Mississippi Hurricane Damage Assessment: Nate hits, but not so hard
Published 7:06 pm Sunday, October 8, 2017
The Mississippi Gulf Coast was lucky this time. Hurricane Nate did some damage, but not as much as it could have been and not as much as it would have been years ago.
How much damage did the Mississippi Gulf Coast receive? Jackson County took the hardest hit from the storm. Here’s what we know so far from there (the Sun Herald and Associated Press):
*The Lake Mars Pier is gone.
*The Jimmy Buffett Bridge in Pascagoula lost one of its sides.
*The Belle Fontaine Beach Road south of St. Andrews subdivision has areas there were washed out.
*20 roads in Jackson County are damaged.
*A handful of houses and mobile homes were damaged.
More than 20,000 people in Mississippi lost power but most were expected to have power restored by late Sunday.
From the Associated Press: Hurricane Nate brought a burst of flooding and power outages to the U.S. Gulf Coast before weakening rapidly Sunday, sparing the region the kind of catastrophic damage left by a series of hurricanes that hit the southern U.S. and Caribbean in recent weeks.
Hurricane Nate brought a burst of flooding and power outages to the U.S. Gulf Coast before weakening rapidly Sunday, sparing the region the kind of catastrophic damage left by a series of hurricanes that hit the southern U.S. and Caribbean in recent weeks.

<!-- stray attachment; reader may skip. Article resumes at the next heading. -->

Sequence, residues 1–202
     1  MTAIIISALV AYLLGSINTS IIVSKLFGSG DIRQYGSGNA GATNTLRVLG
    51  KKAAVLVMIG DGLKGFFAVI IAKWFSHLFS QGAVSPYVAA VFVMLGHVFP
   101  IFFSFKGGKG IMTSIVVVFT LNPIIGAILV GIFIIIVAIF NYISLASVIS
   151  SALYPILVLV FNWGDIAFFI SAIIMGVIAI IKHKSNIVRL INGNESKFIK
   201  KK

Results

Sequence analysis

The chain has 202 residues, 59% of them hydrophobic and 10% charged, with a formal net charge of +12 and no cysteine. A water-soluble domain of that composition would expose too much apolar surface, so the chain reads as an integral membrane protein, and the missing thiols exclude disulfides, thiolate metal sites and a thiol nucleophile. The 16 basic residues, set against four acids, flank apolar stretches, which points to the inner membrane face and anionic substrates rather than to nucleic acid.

Nate — the first hurricane to make landfall in Mississippi since Katrina in 2005 — quickly lost strength, with its winds diminishing to a tropical depression as it pushed northward into Alabama and toward Georgia with heavy rain. It was a Category 1 hurricane when it came ashore outside Biloxi early Sunday, its second landfall after initially hitting southeastern Louisiana on Saturday evening.
The storm surge from the Mississippi Sound littered Biloxi’s main beachfront highway with debris and flooded a casino’s lobby and parking structure overnight.
By dawn, however, Nate’s receding floodwaters didn’t reveal any obvious signs of widespread damage .
Lee Smithson, director of the state emergency management agency, said damage from Nate was held down in part because of work done and lessons learned from Katrina.
“If that same storm would have hit us 15 years ago, the damage would have been extensive and we would have had loss of life.” Smithson said of Nate. “But we have rebuilt the coast in the aftermath of Katrina higher and stronger.”